By Ben Salmon
If you go
What: Old Man Markley, with Avery James and The Hillandales
When: 9 p.m. Thursday
Cost: $8 plus fees in advance at www.bendticket.com, $10 at the door
Where: Volcanic Theatre Pub, 70 S.W. Century Drive, Bend
Line up the list of Old Man Markley’s instruments next to a list of its influences, and you get a pretty clear picture of what kind of sound comes out of this Los Angeles band.
Fiddle. Mandolin. Banjo. Guitar. Washboard and washtub bass. Autoharp!
And drums. So they’re a bluegrass band, but one of those modern bluegrass bands that ignores the traditional rules of the genre.
That’s not wrong, but when you listen to Old Man Markley — whose name we’ll occasionally shorten to OMM from here on out — it’s instantly clear that it’s not quite right either.
The pace of the band’s ’grass comes from punk, and the soaring melodies are straight-up pop.
“We’re heavily influenced by the Beatles and (pop-punk giants) NOFX, the Descendents and Bad Religion. All bands that are extremely melodic, always incorporating amazing melodies and harmonies,” OMM frontman Johnny Carey said in a recent telephone interview from the road. The band will play in Bend on Thursday (see “If you go”).
“To me, a song is the melody,” Carey said. “It’s what has always drawn me. My favorite songs, I walk way and I have a melody stuck in my head for six months.”
Old Man Markley’s 2013 album “Down Side Up” is packed with exactly those kinds of earworms. Musically, the band is capable of rollicking, high-speed hoedowns, not unlike Bend’s own Larry and His Flask. But vocally, Carey’s voice — both its timbre and the notes it sings — recalls classic ’90s pop-punk. When his wife, Annie Detemple, kicks in with the harmony vocals, OMM sounds as syrupy sweet (in a good way) as anything you’ll hear on the radio.
The band started in 2007, a fun project among friends who had previously played in punk bands, Carey said.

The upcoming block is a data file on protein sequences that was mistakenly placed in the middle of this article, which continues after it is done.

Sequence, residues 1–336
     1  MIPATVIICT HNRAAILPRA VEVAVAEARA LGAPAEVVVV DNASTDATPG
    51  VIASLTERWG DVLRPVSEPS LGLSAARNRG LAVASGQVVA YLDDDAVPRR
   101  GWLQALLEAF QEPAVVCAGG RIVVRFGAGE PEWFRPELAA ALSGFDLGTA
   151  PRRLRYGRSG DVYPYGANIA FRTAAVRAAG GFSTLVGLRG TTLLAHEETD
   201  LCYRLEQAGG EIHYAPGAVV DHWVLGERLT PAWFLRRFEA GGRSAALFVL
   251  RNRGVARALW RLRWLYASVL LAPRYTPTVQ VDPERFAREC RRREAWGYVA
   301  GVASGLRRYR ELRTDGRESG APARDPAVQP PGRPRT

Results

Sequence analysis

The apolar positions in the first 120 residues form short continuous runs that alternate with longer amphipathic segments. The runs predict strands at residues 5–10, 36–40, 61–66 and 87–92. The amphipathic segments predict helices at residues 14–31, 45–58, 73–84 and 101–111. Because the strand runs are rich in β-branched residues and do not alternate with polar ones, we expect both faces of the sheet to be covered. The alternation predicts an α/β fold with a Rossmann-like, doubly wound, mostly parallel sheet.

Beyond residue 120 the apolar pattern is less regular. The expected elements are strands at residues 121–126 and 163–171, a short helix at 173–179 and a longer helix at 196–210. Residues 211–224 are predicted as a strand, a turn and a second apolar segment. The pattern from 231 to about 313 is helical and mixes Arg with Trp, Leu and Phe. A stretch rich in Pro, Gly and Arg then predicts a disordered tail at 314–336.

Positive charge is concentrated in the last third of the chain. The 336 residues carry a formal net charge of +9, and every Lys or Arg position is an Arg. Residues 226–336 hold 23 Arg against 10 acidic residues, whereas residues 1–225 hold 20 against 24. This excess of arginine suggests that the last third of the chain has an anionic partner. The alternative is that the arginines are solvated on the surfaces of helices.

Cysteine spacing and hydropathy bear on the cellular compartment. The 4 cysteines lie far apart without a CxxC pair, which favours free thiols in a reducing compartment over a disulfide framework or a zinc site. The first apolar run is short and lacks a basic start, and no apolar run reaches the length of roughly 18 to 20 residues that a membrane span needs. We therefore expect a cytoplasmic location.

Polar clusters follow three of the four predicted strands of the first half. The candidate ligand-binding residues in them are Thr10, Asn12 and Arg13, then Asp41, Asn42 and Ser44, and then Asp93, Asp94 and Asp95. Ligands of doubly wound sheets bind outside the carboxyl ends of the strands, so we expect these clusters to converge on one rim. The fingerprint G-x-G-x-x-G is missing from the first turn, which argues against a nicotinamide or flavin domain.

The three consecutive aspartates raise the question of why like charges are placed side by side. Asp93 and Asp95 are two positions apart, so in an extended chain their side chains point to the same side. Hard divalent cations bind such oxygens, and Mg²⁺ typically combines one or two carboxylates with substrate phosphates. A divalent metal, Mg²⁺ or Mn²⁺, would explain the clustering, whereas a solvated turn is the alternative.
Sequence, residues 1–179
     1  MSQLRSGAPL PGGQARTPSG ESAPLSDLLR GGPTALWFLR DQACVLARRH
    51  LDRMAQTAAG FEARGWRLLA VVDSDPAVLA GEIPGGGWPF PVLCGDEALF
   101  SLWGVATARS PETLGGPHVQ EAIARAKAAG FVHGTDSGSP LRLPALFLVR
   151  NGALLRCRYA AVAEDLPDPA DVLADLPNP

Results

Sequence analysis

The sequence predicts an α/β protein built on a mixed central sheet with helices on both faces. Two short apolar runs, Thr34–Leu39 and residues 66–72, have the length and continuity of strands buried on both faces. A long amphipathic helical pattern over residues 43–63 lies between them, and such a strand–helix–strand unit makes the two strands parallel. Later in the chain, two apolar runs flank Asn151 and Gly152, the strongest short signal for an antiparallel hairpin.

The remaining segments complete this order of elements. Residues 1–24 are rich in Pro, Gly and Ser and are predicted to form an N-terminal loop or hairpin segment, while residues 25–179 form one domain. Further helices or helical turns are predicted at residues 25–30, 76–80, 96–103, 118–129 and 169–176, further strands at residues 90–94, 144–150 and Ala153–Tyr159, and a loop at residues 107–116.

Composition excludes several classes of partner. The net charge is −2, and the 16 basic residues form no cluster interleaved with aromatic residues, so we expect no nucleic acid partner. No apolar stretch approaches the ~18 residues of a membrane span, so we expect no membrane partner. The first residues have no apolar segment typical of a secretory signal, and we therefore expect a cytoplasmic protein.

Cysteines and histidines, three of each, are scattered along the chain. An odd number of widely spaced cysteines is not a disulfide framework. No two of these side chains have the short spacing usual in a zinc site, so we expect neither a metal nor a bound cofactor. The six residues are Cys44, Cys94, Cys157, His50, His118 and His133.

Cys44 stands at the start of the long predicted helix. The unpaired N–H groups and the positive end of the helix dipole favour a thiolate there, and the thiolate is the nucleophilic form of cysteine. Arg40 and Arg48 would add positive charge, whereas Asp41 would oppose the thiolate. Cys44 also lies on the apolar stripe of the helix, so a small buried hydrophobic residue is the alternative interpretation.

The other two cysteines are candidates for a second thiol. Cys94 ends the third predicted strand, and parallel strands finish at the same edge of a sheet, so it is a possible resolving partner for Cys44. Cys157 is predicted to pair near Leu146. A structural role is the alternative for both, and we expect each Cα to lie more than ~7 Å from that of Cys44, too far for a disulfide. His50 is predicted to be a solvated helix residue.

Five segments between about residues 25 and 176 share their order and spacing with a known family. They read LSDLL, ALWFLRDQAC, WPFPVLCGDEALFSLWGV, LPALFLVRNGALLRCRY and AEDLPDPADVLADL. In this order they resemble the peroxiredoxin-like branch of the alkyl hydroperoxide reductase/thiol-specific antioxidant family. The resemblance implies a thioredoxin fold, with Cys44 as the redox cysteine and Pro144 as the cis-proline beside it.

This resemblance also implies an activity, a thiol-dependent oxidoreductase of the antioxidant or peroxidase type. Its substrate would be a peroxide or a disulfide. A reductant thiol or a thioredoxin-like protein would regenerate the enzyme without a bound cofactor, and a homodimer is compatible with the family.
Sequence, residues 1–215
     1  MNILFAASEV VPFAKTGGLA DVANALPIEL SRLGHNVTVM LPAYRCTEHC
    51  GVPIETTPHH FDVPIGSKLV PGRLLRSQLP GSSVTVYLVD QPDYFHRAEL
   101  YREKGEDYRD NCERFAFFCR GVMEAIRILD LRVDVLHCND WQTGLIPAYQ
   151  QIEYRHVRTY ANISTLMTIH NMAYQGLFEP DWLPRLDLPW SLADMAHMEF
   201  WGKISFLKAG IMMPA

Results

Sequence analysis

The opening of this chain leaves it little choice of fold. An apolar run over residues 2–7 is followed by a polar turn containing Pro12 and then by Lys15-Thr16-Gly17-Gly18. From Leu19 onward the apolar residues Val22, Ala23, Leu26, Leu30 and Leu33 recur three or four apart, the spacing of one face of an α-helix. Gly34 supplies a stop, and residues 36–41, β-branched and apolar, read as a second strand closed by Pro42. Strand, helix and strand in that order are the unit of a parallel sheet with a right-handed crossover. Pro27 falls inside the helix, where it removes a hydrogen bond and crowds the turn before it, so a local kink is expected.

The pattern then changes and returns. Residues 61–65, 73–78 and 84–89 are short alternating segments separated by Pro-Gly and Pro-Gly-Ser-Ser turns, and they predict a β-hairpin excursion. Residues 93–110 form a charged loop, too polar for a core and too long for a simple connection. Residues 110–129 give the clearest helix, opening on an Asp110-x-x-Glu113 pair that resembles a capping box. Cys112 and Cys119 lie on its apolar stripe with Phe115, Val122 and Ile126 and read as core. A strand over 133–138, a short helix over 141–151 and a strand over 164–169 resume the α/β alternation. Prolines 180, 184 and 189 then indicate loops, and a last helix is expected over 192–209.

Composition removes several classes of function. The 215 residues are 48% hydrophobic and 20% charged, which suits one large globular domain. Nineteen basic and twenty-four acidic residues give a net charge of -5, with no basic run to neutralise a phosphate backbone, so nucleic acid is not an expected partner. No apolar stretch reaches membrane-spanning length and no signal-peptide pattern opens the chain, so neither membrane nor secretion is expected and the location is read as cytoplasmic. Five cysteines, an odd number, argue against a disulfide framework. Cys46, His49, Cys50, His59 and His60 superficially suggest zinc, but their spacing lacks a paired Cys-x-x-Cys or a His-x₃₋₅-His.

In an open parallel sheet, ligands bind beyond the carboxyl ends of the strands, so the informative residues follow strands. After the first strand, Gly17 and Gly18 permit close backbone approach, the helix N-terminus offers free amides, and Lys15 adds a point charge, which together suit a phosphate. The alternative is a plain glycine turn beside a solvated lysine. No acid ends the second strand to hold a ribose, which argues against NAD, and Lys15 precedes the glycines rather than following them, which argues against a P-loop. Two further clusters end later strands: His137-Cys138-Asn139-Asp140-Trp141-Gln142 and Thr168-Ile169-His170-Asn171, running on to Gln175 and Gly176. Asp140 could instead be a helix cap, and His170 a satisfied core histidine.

“Old Man Markley was somewhat of a collaboration of a few different bands, and different influences and ideas. The appeal (of) acoustic music, folk and bluegrass was, I think, a natural progression coming from punk rock,” he said. “We were just trying to do something a little different. We really were having fun with the different instrumentation. It all kind of came together over a bottle of whiskey at a couple of parties.”
OMM started as an 11-piece before whittling down to the current seven-member lineup: Carey, Detemple, bassist Joey Garibaldi, drummer Jeff Fuller, washboard player Ryan Markley, banjo man John Rosen and fiddler/mandolinist Katie Weed. The band began booking shows and touring like crazy, eventually opening for NOFX and meeting that band’s singer and bassist Fat Mike, who also owns pop-punk mega-label Fat Wreck Chords.
Fat Mike signed Old Man Markley and put out the group’s debut album “Guts N’ Teeth” in 2011. Carey credits the law of attraction for OMM’s relationship with Fat Wreck Chords.
“We’ve been fans of theirs for as long as I can remember,” he said.
The Fat label is punk-focused, for sure, and Old Man Markley is one of the few acoustic bands on its roster. But they’re far from the only band currently mixing bluegrass and punk rock. A wave of those kinds of bands has been cresting over the past few years, something Carey readily acknowledges.
“I don’t feel like we were trying to do anything necessarily new,” he said. “We were starting to listen to different bands like Old Crow Medicine Show or The Devil Makes 3, bands that kind of stood for the qualities of punk rock that we stood behind also.”
In fact, he not only acknowledges the crowded field of punk-grass bands out there crisscrossing the country just like OMM, he appreciates it.
“It’s great to see more and more bands coming out and really embracing this hybrid of folk and punk or whatever you want to call it. We’re lucky to be a part of it,” Carey said. “We got really fortunate signing to Fat when we did. It helped us establish our name and what we were doing and our part of this whole little scene.”
How Old Man Markley got to that point, however, remains a bit of a mystery.
“I don’t know what really drew us to (acoustic music) at first,” Carey said. “It just seemed so natural to us.”
— Reporter: 541-383-0377, firstname.lastname@example.org